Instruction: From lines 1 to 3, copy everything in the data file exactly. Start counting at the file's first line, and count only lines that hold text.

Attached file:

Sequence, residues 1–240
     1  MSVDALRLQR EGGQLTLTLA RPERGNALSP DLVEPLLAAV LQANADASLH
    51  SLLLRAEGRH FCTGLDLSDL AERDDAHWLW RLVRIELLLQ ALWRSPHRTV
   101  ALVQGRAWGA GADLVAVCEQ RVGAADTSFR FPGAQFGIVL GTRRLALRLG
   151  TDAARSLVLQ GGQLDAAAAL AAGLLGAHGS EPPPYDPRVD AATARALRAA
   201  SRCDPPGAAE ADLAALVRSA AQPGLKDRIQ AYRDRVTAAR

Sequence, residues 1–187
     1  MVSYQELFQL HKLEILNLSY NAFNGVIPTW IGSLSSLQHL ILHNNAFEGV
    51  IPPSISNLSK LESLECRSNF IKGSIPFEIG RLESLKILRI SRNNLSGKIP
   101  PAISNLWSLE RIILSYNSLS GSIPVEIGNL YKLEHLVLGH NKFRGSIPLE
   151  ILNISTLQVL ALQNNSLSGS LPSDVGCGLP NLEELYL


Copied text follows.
Sequence, residues 1–240
     1  MSVDALRLQR EGGQLTLTLA RPERGNALSP DLVEPLLAAV LQANADASLH
    51  SLLLRAEGRH FCTGLDLSDL AERDDAHWLW RLVRIELLLQ ALWRSPHRTV